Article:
Comments made by EU Commissioner Pierre Moscovici in Davos, where he stated talks between the EU and the UK on a trade deal can only take place after the two year period for the Brexit withdrawal negotiations, are deeply concerning to Ireland, according to Fianna Fáil Spokesperson Michael McGrath.

Deputy McGrath added that the comments act as a sharp reminder of the need for the Irish Government to have a coherent and comprehensive plan in place to deal with Brexit.

“Commissioner Moscovici’s comments in Davos on the timing of a UK / EU trade deal and his remark that there can be no talks with the UK on customs until after the two year Article 50 process increase further the risk of a ‘hard Brexit’. Such a scenario will result in enormous negative economic consequences for Ireland. Given his role as EU Commissioner on Economic and Financial Affairs, Taxation and Customs, Commissioner Moscovici’s comments are highly significant and indeed alarming for Ireland.

“These comments come in the wake of British Prime Minister May’s confirmation that the UK will leave the EU Single Market and is open to leaving the Customs Union. The Department of Finance confirmed to me on Thursday at the Oireachtas Finance Committee that such a ‘hard Brexit’ could have extremely serious ramifications for Ireland. This includes a 3.5% drop in economic output over 5 years, a €20bn increase in our national debt, 40,000 job losses and a drop of one third in exports to the UK.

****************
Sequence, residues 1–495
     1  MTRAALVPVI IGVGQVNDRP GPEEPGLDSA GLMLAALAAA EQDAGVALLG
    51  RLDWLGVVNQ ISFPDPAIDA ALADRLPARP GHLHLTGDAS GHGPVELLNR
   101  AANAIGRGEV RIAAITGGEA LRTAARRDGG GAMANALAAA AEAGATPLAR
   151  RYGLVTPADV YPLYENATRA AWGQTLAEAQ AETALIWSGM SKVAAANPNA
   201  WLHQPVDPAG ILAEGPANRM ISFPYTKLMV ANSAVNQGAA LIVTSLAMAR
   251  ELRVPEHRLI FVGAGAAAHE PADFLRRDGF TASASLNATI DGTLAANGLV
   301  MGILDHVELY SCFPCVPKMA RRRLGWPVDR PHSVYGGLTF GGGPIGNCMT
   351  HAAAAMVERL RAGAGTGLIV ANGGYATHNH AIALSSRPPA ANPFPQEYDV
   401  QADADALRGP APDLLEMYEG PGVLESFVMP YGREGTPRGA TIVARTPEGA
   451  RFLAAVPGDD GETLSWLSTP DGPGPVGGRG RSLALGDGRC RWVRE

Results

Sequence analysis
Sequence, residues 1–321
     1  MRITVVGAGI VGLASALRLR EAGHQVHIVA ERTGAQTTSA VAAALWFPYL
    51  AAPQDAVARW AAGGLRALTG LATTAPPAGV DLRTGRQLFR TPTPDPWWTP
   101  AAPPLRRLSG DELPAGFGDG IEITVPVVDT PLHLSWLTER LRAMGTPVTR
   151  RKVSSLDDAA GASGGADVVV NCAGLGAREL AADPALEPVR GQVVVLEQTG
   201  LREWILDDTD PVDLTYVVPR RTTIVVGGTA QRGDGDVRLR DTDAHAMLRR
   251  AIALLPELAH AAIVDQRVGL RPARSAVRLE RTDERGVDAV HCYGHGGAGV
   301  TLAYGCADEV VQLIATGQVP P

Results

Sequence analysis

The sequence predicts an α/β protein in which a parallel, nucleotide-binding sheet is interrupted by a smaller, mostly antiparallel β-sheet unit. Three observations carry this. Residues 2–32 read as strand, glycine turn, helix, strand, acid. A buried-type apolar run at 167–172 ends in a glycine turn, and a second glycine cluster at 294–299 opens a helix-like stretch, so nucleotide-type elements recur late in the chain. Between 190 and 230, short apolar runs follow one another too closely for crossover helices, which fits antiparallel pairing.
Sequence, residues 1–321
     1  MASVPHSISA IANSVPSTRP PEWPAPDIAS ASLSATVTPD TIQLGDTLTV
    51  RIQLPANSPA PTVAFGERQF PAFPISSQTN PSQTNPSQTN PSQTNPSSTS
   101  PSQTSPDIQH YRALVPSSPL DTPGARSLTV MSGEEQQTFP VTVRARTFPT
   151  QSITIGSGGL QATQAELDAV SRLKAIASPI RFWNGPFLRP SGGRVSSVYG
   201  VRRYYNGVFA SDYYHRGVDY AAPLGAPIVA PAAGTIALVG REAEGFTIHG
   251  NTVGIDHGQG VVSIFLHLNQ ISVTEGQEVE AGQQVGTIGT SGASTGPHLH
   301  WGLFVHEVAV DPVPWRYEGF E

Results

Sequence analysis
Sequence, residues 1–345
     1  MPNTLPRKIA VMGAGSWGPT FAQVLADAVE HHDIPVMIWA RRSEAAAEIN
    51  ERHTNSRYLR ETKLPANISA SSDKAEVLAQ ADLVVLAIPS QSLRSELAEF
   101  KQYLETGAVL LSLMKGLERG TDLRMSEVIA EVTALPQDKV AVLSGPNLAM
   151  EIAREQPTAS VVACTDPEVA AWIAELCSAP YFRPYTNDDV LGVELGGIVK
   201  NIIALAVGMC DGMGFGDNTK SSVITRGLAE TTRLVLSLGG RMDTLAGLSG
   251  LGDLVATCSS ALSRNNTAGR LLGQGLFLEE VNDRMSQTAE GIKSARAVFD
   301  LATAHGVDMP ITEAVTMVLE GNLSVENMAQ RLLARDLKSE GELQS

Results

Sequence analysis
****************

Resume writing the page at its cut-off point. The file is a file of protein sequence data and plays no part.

“While the EU’s Chief Brexit negotiator Michel Barnier has spoken about the possibility of a transitional deal on trade to be agreed within the Article 50 period, there are now different noises coming from the EU on this. The Irish government must be a forceful advocate of the need for agreement on a trade deal with the UK which comes into effect immediately on the UK’s exit from the EU. Given Mr Barnier’s observation that any deal with the UK on the terms of their EU exit would need to be agreed by October 2018 to allow for ratification by EU member states, the window of time is incredibly tight.

“The Irish government needs to wake up to the reality that a ‘hard Brexit’ with hugely damaging consequences for Ireland is now a distinct possibility. The Taoiseach and his team need to ensure that the EU is fully aware of how imperative it is that the terms of trade with the UK are agreed before the UK leaves the Single Market and Customs Union.”